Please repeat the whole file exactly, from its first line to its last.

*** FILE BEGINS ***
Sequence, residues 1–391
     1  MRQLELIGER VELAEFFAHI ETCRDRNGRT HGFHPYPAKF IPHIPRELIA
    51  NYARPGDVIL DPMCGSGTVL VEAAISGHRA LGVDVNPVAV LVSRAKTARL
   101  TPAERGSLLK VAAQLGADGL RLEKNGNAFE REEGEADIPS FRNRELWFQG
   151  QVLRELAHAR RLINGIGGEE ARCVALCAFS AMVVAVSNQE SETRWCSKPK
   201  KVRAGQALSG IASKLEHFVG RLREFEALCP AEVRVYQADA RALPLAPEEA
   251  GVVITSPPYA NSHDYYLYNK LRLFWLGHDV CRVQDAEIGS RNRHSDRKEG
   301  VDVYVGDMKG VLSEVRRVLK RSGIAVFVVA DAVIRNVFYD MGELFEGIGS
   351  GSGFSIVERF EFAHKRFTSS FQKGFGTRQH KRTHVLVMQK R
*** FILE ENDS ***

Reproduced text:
Sequence, residues 1–391
     1  MRQLELIGER VELAEFFAHI ETCRDRNGRT HGFHPYPAKF IPHIPRELIA
    51  NYARPGDVIL DPMCGSGTVL VEAAISGHRA LGVDVNPVAV LVSRAKTARL
   101  TPAERGSLLK VAAQLGADGL RLEKNGNAFE REEGEADIPS FRNRELWFQG
   151  QVLRELAHAR RLINGIGGEE ARCVALCAFS AMVVAVSNQE SETRWCSKPK
   201  KVRAGQALSG IASKLEHFVG RLREFEALCP AEVRVYQADA RALPLAPEEA
   251  GVVITSPPYA NSHDYYLYNK LRLFWLGHDV CRVQDAEIGS RNRHSDRKEG
   301  VDVYVGDMKG VLSEVRRVLK RSGIAVFVVA DAVIRNVFYD MGELFEGIGS
   351  GSGFSIVERF EFAHKRFTSS FQKGFGTRQH KRTHVLVMQK R